The Intergovernmental Panel on Climate Change (IPCC), the international body of experts charged with climate change research, stated in its 2001 Third Assessment Report: "There is new and stronger evidence that most of the warming observed over the last 50 years is attributable to human activity... Human influences will continue to change atmospheric composition throughout the 21st century." The study describes climate impacts, such as higher global temperatures and increased precipitation, as "very likely."
The National Academy of Sciences (NAS) concurs: "The degree of confidence in the IPCC assessment is higher today than it was 10, or even five years ago... there is general agreement that the observed warming is real and particularly strong within the past 20 years."
However, Exxon Mobil has funded scientific studies and made public statements regarding the science of climate change that appear to conflict with these conclusions. According to the June 2002 edition of Exxon Mobil Perspectives: "There continue to be substantial and well-documented gaps in climate science. These gaps limit scientists' ability to assess the extent of any human influence on climate..." A report released by the company in early 2004 continued to "greenwash" climate-change science in the same manner. Contrary to other industry and independent estimates, the ExxonMobil report projected an increasing role for fossil fuel and a continuing minimal demand for clean, renewable energy over at least the next 30 years.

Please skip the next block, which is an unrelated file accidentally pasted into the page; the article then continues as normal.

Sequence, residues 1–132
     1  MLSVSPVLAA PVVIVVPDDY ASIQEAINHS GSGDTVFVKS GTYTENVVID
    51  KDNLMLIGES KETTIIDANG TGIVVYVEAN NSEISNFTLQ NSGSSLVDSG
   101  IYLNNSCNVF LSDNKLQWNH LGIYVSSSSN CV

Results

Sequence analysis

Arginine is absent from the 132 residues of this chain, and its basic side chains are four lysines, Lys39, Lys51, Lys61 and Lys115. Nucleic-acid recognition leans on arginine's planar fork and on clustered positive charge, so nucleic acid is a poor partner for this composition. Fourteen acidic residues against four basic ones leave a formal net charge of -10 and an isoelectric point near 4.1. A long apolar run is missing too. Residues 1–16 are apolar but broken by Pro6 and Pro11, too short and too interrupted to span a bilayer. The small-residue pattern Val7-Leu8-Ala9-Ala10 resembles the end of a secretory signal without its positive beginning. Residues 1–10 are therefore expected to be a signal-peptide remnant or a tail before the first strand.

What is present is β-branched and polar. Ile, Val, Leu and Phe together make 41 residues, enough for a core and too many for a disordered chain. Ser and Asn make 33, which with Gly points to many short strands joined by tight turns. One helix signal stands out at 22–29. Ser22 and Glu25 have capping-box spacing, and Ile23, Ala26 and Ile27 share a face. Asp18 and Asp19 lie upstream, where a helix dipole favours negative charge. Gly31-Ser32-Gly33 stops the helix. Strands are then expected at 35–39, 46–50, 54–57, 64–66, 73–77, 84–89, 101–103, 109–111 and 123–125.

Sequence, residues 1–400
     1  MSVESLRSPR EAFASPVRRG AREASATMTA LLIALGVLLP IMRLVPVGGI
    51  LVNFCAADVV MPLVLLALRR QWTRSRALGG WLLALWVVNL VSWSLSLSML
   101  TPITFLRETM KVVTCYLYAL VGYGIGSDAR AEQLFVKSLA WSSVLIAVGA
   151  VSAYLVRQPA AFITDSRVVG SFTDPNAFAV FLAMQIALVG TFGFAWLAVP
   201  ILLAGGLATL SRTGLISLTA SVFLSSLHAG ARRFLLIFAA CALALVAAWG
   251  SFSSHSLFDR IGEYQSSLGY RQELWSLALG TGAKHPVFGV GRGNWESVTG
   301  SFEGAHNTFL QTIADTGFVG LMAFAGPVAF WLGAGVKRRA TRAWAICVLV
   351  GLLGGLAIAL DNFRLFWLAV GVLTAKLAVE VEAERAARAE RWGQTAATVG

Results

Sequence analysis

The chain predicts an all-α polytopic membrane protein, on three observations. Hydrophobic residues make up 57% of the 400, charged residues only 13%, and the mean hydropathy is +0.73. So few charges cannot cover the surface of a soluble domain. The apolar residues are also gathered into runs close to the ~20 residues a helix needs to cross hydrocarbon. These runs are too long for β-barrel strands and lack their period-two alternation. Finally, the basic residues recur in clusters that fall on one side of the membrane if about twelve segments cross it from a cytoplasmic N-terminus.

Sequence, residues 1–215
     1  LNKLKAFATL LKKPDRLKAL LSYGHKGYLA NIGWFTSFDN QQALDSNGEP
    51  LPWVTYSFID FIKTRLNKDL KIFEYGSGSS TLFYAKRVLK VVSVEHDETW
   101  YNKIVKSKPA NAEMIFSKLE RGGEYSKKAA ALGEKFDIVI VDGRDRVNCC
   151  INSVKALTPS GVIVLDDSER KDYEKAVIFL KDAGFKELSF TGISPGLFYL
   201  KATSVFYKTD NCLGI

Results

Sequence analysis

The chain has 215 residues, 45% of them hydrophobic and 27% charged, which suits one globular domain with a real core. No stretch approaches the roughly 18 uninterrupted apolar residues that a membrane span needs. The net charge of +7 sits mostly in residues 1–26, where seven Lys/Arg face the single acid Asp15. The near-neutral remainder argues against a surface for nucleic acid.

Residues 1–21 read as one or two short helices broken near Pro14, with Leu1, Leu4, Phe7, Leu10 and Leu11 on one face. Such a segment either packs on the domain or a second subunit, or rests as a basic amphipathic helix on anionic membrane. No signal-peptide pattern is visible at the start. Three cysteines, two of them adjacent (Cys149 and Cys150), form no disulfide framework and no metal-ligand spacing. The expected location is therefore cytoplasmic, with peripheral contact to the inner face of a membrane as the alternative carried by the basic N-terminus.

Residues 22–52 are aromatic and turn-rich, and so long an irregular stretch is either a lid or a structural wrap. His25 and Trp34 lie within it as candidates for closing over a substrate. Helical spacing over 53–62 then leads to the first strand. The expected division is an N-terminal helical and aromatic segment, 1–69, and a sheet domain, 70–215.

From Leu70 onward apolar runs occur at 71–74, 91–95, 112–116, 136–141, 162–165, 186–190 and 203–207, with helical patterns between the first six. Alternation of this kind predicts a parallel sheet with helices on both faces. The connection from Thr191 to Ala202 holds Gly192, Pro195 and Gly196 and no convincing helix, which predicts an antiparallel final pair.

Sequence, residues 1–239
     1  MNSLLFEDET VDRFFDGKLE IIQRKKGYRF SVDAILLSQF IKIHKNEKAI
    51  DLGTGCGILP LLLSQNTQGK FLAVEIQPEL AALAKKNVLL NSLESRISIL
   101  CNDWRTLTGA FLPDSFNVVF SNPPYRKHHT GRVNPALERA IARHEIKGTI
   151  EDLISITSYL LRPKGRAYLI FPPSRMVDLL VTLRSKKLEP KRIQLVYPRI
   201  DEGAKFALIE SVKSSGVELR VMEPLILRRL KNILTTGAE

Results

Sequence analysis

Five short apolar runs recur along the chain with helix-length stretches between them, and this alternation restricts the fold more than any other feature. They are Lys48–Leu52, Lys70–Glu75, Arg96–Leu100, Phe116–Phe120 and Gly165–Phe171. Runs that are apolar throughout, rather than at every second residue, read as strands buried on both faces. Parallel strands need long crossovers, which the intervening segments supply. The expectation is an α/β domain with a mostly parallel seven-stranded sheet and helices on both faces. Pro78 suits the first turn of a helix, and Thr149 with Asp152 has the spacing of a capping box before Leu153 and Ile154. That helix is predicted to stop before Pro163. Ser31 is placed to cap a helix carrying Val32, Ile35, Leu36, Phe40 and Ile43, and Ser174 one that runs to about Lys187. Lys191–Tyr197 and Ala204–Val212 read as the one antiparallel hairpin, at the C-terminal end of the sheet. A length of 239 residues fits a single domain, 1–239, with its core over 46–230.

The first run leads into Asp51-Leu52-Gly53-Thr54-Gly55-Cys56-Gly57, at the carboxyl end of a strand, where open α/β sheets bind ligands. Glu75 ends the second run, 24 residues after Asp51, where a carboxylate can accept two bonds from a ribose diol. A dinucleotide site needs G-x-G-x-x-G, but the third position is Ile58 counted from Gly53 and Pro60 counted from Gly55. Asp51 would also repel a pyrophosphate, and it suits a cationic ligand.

A worldwide movement towards greater regulation to mitigate climate change has resulted from IPCC reports. Consistent with its own position, Exxon Mobil opposes most such regulation. Yet, it has not released primary research or an analysis of data supporting its conclusions. The lack of such information prevents shareholders, policymakers, and the public from being able to make decisions based on the facts the company claims to have. The company also has potentially put shareholders at risk by failing to develop competitive strategies to deal with the risks posed by global warming itself and related legislation, regulation and litigation.
Christian Brothers Investment Services (CBIS) manages approximately
$3.5 billion and combines faith and finance in the responsible
stewardship of Catholic financial assets. CBIS' combination of
premier institutional asset managers, diversified product offerings,
and careful risk-control strategies constitutes a unique investment
approach for Catholic institutions and their fiduciaries. CBIS strives
to integrate faith-based values into the investment process through a
disciplined approach to socially responsible investing that includes
principled purchasing (stock screens), active ownership strategies
(proxy voting, dialogues, and shareholder resolutions) and community
investment. The firm contributes a portion of all profits to
support the Church's educational and social ministry.